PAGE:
On December 1, 1960, just after a rally in San Francisco, ten members of the Committee for Non-Violent Action marched out of the city, intent on marching across the country, all the way to Moscow in the Soviet Union. Their chances for success were slim. Despite the backing of the (admittedly small) CNVA, marching most of the way around the world is a monumental task. Even if the distance were not an issue, the Soviet Union was notoriously unsympathetic to peace groups or protest action in general. Breaching the Iron Curtain would not be easy.
Greenham Commons outside Newbury, England was purchased in 1939 by the Newbury District Council for the public use of Newbury inhabitants, including the collection of firewood. In 1941 this area was requisitioned by the Air Ministry for an airfield, which was later decommissioned. Despite the decommissioning of the airfield, public ownership of the land was not fully restored. Then in 1979 NATO (North Atlantic Treaty Organization ) bought the land from the British government for the building of a military base that would house 96 Tomahawk Ground Launched Cruise Missiles (GLCMs).
When King Christian X of Denmark dismissed Prime Minister Zahle and his Radical Party Cabinet in late March 1920, the Socialists and Radicals, who held a political majority at the time, were furious. Although the King still had the right to do this under the Danish constitution, Denmark freely elected parliament members to the Folketing chamber of the Rigsdag (Parliament), who in turn determined the cabinet and no king had interfered with this process since the constitution was created in 1848.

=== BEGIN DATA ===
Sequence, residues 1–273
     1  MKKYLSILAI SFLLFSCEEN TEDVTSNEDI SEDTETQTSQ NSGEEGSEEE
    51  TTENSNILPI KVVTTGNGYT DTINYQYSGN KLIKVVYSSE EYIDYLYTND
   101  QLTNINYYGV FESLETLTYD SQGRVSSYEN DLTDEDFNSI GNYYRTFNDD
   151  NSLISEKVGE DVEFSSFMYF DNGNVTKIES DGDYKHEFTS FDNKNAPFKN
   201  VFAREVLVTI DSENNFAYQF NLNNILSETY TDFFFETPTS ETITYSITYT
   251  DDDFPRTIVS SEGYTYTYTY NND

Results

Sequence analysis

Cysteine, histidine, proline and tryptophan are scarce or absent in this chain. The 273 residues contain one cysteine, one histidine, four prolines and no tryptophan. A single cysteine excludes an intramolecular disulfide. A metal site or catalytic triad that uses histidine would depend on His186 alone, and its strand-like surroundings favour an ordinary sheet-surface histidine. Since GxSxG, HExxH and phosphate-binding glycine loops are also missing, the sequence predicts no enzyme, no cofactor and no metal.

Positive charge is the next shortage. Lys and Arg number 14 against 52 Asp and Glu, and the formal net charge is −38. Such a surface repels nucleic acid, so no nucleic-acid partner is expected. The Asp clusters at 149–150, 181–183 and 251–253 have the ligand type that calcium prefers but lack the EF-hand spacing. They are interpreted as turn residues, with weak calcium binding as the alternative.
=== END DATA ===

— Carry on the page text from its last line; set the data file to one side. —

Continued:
In the 1840’s there were high tensions between Hungary and the Austrian Empire. Hungary, a part of the larger Austrian Empire, was characterized by nationalistic fervor and that feeling erupted in a violent insurgency in 1848. Franz Josef, the emperor of the Austrian Empire, forcefully put down the rebellion, with assistance from Russian military forces.
The Jewish and Palestinian territorial claim to the same area of land has resulted in one of the most protracted conflicts in recent history. Stemming from the Zionist demand for a Jewish homeland in the historic state of Israel, a homeland that would serve as a sanctuary for this persecuted and globally displaced people, large influxes of Jews into the former British mandate of Palestine have and continue to displace millions of Palestinian residents.